President Clinton has already declared 11 Oklahoma counties to be federal disaster areas -- he'll be by for an empathetic tour on Saturday when he returns from Europe. Between politicians' visits, everyone else in Oklahoma City is being kept very busy -- all over again. Belinda Bentley of the Heartland Rescue Care Team told the AP that many of the businesses that have donated food and supplies are the same ones that helped out after the 1995 bombing. "Once again, it's Oklahoma," she said, "and we're all working together."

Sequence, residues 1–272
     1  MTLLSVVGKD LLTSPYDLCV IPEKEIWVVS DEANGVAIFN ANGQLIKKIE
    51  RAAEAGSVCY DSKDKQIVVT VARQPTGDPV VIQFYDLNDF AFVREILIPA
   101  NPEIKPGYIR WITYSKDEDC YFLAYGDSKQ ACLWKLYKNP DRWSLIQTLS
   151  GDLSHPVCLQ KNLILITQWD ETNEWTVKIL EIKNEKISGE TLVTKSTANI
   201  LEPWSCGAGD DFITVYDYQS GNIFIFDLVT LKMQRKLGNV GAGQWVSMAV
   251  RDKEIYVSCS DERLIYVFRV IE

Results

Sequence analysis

OKLAHOMA CITY: Paul Heath had been through this sort of fury before. On Monday, when he heard the tornado warnings, he headed for a refuge he knew about all too well: the still-intact underground garage below what was once the Alfred P. Murrah federal building. Heath had been five floors up from that spot when man-made rage had struck there four years ago, and yet, he told the Associated Press, "I felt safe there." His house survived the storms unscathed. On Tuesday, another man sifted through his rubble in front of the CNN cameras and found a copy of the movie "Twister." It, too, was unscathed. But after 76 twisters in five states, not much else was -- 44 are dead, hundreds injured and some 2,000 homes and businesses razed by winds that topped 260 miles an hour, stripping bark from trees and grass from the ground. And Oklahoma City sits shell-shocked again, amid painful memories and sharp ironies. Nothing to do now but clean up.